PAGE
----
Most parents agree that chore charts are a great way to track kids’ behavior and make sure that what needs to get done, well, gets done. And, what about those rewards? Stickers are usually go-to, but what if you got a little more creative? We’ve come up with 10 unique ideas that encourage quality time for good kids, won’t break the bank, and might just give your kid the nudge he needs to get the work done. Keep reading to see them all.
photo: Jessica Lucia via Flickr
2. A trip to the park. If playing at the local park is not in your daily routine, then make it a chore chart reward. Tell your kids if they make their goal, they get an hour of play time at the local park. Make it even better by packing a picnic lunch.
3. Choose what’s for dinner. If your kids satisfy their weekly behavior goal, let them chose what the family eats for dinner one night of the week. It could be as fun as breakfast for dinner, or mac and cheese for everyone.
4. An extra 15 minutes before bedtime. This reward may work best for the school-aged kid. But if you have a young one that’s always begging for a few extra minutes at bedtime, this reward is a great motivator. We also recommend limiting this reward to Friday or Saturday because the school week is tough enough!
photo: Leah Singer
5. Completed chores = ice cream cone. Create a system that allows your kid to earn an ice cream cone. Maybe they complete ten days of chores without being asked, and their reward is a scoop of ice cream at your local ice cream shop.
6. Chose a family activity. Promote family togetherness while rewarding good behavior. Whether it’s playing a board game, going on a neighborhood hike or playing hide-and-seek in the house, let your kid pick the activity your family will do together.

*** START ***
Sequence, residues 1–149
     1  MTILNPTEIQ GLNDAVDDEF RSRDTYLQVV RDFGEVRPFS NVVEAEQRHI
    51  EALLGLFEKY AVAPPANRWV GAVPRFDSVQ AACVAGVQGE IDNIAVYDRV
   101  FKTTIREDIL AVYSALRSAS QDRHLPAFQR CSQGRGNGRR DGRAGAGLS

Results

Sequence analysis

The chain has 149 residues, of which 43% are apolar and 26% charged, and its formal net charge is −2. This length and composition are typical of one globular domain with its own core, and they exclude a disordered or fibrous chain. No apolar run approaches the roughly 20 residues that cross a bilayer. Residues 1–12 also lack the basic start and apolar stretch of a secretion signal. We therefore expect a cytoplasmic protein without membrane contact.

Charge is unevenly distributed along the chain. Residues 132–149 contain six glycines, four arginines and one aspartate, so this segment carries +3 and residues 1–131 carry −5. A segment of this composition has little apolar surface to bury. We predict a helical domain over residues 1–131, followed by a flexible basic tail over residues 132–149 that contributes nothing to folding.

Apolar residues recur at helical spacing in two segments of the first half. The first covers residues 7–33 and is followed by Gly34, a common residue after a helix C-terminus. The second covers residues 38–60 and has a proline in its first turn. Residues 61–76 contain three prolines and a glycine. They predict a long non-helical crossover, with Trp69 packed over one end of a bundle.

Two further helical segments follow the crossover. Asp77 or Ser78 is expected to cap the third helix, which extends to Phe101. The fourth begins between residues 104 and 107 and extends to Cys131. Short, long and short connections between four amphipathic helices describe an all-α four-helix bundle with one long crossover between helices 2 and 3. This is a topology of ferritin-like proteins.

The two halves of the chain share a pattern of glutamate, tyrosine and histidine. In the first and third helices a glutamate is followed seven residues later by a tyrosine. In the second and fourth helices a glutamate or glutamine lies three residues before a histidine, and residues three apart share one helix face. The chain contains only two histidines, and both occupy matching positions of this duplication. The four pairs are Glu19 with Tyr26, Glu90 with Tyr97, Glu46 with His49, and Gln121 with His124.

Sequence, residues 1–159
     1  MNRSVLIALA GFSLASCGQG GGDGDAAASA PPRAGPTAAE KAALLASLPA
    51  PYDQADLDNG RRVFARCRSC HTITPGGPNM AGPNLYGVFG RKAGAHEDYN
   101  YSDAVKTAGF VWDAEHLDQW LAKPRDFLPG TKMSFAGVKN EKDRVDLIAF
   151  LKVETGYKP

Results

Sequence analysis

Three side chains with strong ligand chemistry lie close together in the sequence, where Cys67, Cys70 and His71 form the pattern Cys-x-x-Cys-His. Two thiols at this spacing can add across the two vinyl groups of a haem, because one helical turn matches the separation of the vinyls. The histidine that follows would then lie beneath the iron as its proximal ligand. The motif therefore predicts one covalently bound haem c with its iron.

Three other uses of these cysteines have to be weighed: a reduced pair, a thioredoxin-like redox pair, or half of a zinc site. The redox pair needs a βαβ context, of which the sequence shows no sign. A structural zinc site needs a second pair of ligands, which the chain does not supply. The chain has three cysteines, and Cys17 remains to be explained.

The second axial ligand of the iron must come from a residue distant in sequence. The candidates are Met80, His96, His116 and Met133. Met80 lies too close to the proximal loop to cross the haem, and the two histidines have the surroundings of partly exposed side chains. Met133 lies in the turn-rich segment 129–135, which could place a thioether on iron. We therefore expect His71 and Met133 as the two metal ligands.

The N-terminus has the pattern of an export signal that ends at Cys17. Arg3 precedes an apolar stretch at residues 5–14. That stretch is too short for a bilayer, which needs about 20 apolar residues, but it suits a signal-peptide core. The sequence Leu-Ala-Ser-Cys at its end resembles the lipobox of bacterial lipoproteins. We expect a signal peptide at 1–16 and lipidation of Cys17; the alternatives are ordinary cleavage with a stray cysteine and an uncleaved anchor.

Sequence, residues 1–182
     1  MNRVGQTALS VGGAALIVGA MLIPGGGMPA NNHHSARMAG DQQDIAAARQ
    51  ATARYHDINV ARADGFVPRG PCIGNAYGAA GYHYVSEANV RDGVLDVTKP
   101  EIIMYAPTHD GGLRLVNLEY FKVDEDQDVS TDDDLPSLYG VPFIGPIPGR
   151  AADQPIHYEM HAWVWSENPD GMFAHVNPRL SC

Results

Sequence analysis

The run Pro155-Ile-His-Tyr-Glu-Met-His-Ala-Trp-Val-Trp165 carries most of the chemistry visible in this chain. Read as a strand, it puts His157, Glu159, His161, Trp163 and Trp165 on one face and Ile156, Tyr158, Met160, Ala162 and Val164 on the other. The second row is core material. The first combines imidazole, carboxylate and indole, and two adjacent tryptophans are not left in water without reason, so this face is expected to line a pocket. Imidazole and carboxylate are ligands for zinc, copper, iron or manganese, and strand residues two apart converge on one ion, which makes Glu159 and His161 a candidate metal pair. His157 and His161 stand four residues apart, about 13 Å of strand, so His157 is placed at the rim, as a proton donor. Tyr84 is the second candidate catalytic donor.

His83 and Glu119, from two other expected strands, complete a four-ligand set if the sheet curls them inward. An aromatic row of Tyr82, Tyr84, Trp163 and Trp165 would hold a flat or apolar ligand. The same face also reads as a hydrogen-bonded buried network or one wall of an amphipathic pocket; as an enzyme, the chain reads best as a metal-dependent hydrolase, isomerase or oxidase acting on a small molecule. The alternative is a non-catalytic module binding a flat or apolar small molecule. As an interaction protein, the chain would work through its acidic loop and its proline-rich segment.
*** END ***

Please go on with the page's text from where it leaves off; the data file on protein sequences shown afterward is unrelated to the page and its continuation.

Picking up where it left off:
7. Alone activity with mom or dad. Kids love spending individual special time with parents. When your kid completes a chore or behavior goal, schedule an afternoon or evening activity with mom or dad where the kid and parent go solo. This is a great reward when there are multiple siblings in the house.
8. 30 minutes of extra screen time. This reward will be a favorite goal, especially for the kid that’s always begging for the tablet or iPhone.
9. An extra story at bedtime. Little readers will love this reward! Find more books to at to your list by checking out our ultimate reading list here.
10. No chore of your choice. What’s the best reward for finishing chores? Not doing one! Let your kiddos pick the chore they want to give up for a week (or maybe a day) as a reward for awesome behavior and a perfect score on the chore chart.
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How do you reward your kids for good behavior? Tell us your ideas in the comments below.
—Leah R. Singer
Feature photo: Steven DePolo via Flickr